# nowhere vanishing vector field on a manifold

I am wondering if there are necessary and sufficient conditions under which an one-dimensional subbundle of $TM$ has a nowhere vanishing vector field.

More precisely let $M$ be a compact smooth manifold.

a. When dose there exist a one-dimensional (smooth or continuous) subbundle $L\subset TM$?

b. If $L\subset TM$ is a continuous/smooth line subbundle of $TM$, does there exist a nowhere vanishing continuous/smooth section $X:M\to L$? If so, the euler characteristic of $L$ should be zero.

This is related to the partially hyperbolic system $f:M\to M$ and $TM=E^s\oplus E^c\oplus E^u$. I am curious if there is a 'center flow' if $\dim E^c=1$.

1. If there exists an 1-dimensional subbundle $L$ of $TM$, then $\chi(M)=0$. This is independent of the case whether $M$ is orientiable or not.

2. If $M$ is orientable, then there always exists an orientable 1-dimensional subbundle $L$ of $TM$.

Another question is, when is an 1-dimensional subbundle $L\subset TM$ orientable? Is it sufficient to assume that $M$ is orientable?

Thank you all. I did not formulate some questions properly. What I really mean is:

I. For a given line bundle $L\subset TM$, what is the obstruction for $L$ beging orientable? (or equivalently trivial according to Georges)

For example let $L_{\mathbb{C}}$ be a complex line bundle over a complex manifold $M$, if the top Chern class $c_1(L_{\mathbb{C}})$ does not vanish, then $L_{\mathbb{C}}$ can not be trivial. Is there some similar results in the real case?

II. Is there an example such that $M$ is orientable and has a non-orientable line bundle $L\subset TM$?

• Regarding your question (1), yes. That's what I'm saying. The covering space argument is one way to approach this. Re (2) that is an if and only if $\chi M =0$, where I use $\chi M$ as shorthand for the Euler characteristic. This is of course assuming $M$ is connected. – Ryan Budney Nov 24 '10 at 18:08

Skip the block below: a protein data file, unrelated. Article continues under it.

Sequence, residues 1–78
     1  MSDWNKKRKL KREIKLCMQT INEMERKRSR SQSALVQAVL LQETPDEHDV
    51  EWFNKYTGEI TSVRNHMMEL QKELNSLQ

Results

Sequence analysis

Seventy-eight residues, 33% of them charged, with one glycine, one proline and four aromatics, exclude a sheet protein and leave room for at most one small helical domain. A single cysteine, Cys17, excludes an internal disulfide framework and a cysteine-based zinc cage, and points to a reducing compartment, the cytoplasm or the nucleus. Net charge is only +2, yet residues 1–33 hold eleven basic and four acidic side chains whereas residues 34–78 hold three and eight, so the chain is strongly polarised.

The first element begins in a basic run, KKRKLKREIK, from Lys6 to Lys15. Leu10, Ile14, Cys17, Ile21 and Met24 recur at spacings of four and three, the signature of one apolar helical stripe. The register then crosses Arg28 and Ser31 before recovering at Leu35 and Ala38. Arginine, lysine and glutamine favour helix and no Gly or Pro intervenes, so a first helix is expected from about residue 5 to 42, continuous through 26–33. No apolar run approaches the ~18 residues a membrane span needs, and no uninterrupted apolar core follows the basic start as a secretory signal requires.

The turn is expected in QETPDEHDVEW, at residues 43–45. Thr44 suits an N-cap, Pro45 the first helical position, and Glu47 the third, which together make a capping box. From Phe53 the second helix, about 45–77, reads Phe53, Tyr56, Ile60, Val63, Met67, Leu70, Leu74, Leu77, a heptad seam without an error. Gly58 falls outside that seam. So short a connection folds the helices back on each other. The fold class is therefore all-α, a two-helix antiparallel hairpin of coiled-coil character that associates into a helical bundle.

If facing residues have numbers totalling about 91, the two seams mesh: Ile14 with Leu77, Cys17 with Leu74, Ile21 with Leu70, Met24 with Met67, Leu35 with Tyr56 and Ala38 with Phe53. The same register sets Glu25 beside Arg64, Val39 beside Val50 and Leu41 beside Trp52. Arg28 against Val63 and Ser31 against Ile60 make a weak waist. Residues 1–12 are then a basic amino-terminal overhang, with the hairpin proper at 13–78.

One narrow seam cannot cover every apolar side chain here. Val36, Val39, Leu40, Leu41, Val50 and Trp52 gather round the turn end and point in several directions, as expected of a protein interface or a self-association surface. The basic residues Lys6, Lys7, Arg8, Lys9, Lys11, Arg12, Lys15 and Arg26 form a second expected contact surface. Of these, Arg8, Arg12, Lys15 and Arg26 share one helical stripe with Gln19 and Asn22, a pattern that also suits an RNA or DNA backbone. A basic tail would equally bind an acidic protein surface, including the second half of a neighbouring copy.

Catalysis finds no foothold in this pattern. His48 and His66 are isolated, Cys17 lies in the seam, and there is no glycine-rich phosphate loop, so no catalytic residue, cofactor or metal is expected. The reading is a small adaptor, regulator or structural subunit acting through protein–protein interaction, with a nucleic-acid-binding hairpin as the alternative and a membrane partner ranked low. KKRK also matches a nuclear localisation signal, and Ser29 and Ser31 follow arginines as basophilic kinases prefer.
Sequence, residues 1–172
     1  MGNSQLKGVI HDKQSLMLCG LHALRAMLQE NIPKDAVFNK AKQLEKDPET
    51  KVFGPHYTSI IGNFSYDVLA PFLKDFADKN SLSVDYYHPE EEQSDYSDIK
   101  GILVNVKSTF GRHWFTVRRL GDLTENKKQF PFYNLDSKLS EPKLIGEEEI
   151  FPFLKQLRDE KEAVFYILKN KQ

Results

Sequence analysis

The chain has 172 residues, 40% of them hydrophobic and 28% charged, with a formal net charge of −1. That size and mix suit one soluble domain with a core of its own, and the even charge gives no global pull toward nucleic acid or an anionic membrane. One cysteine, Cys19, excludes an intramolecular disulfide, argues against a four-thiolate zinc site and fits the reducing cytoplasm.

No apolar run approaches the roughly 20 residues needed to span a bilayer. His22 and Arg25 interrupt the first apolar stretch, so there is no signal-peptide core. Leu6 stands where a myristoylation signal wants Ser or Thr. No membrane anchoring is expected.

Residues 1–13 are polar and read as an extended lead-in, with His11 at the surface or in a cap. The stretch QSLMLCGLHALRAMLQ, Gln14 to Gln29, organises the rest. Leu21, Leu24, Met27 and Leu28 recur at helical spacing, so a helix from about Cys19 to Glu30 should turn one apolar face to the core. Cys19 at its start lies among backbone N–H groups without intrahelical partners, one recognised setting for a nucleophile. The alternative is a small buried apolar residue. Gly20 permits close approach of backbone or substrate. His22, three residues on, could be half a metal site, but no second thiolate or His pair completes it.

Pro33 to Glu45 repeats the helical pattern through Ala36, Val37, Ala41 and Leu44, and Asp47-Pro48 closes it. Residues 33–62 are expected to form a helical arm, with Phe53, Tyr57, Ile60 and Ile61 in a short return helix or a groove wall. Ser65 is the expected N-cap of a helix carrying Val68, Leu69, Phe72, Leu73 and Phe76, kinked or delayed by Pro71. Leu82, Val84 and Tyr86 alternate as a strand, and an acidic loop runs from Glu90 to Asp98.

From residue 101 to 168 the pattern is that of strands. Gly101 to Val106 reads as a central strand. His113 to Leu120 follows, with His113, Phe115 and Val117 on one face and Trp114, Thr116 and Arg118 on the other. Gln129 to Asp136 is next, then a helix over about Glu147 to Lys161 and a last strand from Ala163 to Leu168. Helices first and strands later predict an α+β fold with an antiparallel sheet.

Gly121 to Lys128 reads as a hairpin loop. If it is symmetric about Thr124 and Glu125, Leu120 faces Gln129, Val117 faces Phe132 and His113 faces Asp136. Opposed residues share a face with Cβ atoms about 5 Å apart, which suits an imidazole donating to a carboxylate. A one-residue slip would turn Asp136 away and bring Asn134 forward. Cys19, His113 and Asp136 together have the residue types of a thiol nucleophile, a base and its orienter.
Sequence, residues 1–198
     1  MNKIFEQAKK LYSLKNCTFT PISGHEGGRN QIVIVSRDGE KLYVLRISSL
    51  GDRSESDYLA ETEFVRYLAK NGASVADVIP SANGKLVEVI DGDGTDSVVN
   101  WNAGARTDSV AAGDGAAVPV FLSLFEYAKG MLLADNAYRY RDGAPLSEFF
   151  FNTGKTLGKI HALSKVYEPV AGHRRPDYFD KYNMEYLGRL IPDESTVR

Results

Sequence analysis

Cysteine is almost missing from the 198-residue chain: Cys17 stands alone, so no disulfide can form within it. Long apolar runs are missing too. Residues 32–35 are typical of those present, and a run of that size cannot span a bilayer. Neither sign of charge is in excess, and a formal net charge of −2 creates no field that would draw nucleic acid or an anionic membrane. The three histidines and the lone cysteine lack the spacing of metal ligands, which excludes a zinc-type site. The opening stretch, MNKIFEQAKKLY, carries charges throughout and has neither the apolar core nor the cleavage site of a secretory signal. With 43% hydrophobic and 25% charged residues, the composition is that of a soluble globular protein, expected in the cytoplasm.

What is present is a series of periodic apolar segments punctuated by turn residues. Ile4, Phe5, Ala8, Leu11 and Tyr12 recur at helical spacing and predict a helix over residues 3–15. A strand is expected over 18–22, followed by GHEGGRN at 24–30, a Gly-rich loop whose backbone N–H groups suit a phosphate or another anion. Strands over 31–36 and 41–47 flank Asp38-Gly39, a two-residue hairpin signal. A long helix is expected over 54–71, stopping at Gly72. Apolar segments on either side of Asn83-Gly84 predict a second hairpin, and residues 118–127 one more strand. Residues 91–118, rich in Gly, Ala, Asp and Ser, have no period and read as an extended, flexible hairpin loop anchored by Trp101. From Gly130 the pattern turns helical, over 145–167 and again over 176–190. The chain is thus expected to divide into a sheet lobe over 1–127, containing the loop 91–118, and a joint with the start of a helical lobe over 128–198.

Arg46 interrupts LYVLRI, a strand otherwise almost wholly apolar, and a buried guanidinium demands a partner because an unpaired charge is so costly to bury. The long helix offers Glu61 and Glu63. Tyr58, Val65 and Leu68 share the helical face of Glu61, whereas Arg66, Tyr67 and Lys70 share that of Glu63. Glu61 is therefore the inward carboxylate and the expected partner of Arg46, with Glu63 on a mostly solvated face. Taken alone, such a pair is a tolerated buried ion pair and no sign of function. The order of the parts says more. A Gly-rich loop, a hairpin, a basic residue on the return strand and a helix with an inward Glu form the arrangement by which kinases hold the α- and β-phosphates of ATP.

A bundle is orientable if and only if its first Stiefel-Whitney class is 0 (one can see the first Stiefel-Whitney class as the function $w_1: H_1(M)\rightarrow \mathbb{Z}_2$ which associate to a loop the sign of the determinant of the monodromy).

As mentionned by Ryan, if a line bundle is non-orientable then there is a two sheeted cover of $M$ which orients $L$ (the covering correspond exactly to the index two subgroup $ker(w_1)$) this implies that if an oriented bundle admits a 1-dimensionnal sub-bundle the its Euler class has to be $0$ (regardless if the bundle is the tangent bundle or not).

Finally one can easily see that $T(T^2)$ is the sum of two non-trivial line bundle:

The canonical line bundle $\gamma$ on $\mathbb{R}P^1$ is non trivial but $\gamma\oplus\gamma^*$ is (it is oriented, 2 dimensionnal and admit a section given by the trace map). Pulling back this bundle by the projection $T^2\rightarrow S^1$ you get a trivial bundle (hence the tangent bundle) on $T^2$ written as a sum of two non trivial line bundle ($w_1$ is non zero on each summand).

• It seems that the Stiefel-Whitney class was designed for my question (^-^). All answers here are great! – Pengfei Nov 25 '10 at 12:00